By Adam Zagorin
December 15, 2016 – Until just a few months ago, George Ellard occupied a position of trust as top watchdog of the National Security Agency, America’s principal collector of signals intelligence. Ellard was not only NSA’s Inspector General, but an outspoken critic of Edward Snowden, the former contract employee who leaked hundreds of thousands of classified emails to publicly expose the agency’s domestic surveillance program. Snowden claimed, among other things, that his concerns about NSA’s domestic eavesdropping were ignored by the agency, and that he feared retaliation. Ellard publicly argued in 2014 that Snowden could have safely reported the allegations of NSA’s domestic surveillance directly to him.
Then last May, after eight months of inquiry and deliberation, a high-level Intelligence Community panel found that Ellard himself had previously retaliated against an NSA whistleblower, sources tell the Project On Government Oversight. Informed of that finding, NSA’s Director, Admiral Michael Rogers, promptly issued Ellard a notice of proposed termination, although Ellard apparently remains an agency employee while on administrative leave, pending a possible response to his appeal from Secretary of Defense Ash Carter.
The closely held but unclassified finding against Ellard is not public. It was reached by following new whistleblower protections set forth by President Obama in an executive order, Presidential Policy Directive 19. (A President Trump could, in theory, eliminate the order.) Following PPD-19 procedures, a first-ever External Review Panel (ERP) composed of three of the most experienced watchdogs in the US government was convened to examine the issue. The trio — IG’s of the Justice Department, Treasury, and CIA – overturned an earlier finding of the Department of Defense IG, which investigated Ellard but was unable to substantiate his alleged retaliation.
“The finding against Ellard is extraordinary and unprecedented,” notes Stephen Aftergood, Director of the Secrecy Program at the Federation of American Scientists. “This is the first real test drive for a new process of protecting intelligence whistleblowers. Until now, they’ve been at the mercy of their own agencies, and dependent on the whims of their superiors. This process is supposed to provide them security and a procedural foothold.”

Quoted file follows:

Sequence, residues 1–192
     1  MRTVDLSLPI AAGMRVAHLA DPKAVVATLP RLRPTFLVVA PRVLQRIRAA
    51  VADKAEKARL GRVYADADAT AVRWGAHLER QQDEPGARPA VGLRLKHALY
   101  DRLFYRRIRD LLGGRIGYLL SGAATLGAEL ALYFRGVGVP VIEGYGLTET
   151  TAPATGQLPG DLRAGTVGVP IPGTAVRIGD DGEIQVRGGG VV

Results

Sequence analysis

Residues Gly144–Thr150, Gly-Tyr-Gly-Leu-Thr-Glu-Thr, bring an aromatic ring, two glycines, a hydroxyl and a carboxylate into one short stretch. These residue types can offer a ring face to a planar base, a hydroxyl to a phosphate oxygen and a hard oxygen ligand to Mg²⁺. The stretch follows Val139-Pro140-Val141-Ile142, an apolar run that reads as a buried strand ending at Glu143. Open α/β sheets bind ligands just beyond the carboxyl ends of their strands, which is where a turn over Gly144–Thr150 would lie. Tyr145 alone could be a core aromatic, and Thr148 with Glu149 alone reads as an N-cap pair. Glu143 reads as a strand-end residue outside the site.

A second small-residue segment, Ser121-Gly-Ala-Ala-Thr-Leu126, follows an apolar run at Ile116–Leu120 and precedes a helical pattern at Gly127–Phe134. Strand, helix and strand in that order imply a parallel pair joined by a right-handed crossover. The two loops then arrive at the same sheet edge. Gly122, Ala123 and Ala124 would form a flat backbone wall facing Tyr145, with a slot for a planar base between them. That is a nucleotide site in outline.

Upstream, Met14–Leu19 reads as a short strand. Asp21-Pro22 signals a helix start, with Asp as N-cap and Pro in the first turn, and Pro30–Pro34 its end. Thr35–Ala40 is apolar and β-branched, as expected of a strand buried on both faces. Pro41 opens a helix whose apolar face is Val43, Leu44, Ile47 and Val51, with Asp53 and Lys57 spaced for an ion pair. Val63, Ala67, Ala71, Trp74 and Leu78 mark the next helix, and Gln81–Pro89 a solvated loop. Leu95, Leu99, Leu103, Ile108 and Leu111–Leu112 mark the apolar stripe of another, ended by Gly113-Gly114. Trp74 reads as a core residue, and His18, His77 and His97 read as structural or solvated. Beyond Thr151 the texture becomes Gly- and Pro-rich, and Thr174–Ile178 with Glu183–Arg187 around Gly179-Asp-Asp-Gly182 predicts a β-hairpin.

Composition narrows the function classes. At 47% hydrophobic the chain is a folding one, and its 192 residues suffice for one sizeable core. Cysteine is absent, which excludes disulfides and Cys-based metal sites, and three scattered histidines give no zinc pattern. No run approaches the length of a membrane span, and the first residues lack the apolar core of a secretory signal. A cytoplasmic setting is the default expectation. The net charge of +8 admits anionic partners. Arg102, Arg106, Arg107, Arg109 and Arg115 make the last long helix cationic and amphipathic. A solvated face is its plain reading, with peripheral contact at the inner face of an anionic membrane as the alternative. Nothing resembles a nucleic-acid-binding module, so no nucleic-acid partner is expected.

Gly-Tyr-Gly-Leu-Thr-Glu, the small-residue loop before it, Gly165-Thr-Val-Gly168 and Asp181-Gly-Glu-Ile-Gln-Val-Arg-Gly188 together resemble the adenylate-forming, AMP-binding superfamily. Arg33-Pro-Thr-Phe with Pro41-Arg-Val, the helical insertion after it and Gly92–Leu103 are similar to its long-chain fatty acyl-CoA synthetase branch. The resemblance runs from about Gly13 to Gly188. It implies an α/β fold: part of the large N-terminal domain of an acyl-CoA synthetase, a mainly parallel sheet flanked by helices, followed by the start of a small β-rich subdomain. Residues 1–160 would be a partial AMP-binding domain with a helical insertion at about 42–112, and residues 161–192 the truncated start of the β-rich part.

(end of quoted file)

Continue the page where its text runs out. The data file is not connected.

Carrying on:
“The case, which is still in progress, offers hopeful signs that the new framework may be working,” Aftergood added.
POGO learned of the decision against Ellard from sources who spoke on condition of anonymity. The information was later confirmed by government officials. POGO has been told that mention of the finding will appear in a semiannual report (SAR) of the Intelligence Community IG (ICIG) that should be released soon. It makes brief mention of the case without citing Ellard by name.
Neither Ellard, his lawyer, nor the NSA provided any comment, despite POGO’s numerous attempts to offer them the opportunity.
POGO also reached out to the NSA employee and victim of Ellard’s retaliation, posing a detailed series of questions about what happened through an official intermediary. POGO has been told that the whistleblower composed answers to at least some of those queries, and was seeking NSA approval before releasing them. So far, there is no sign that such approval has been granted.
The DODIG told POGO it would have no immediate comment.
Ellard, a Yale-trained lawyer and former prosecutor with a doctorate in philosophy, was for nine years the top oversight official keeping tabs on NSA, an agency fraught with controversy over its handling of Edward Snowden and other prominent whistleblowers. Ellard chose to enter that debate along with other critics who faulted Snowden for his alleged unwillingness to report his concerns about NSA domestic surveillance through channels inside the agency set up for that purpose.
IG Ellard’s criticism of Snowden first stirred controversy during a 2014 panel discussion at Georgetown University Law Center in Washington. “Snowden could have come to me,” Ellard declared, arguing that the leaker, now a fugitive in Russia, would have received the same protections as other NSA employees, who file some one thousand reports annually to the agency’s hotline. “We have surprising success in resolving the complaints that are brought to us,” Ellard said, adding, “Perhaps it’s the case that we could have shown, we could have explained to Mr. Snowden his misperceptions, his lack of understanding of what we do.”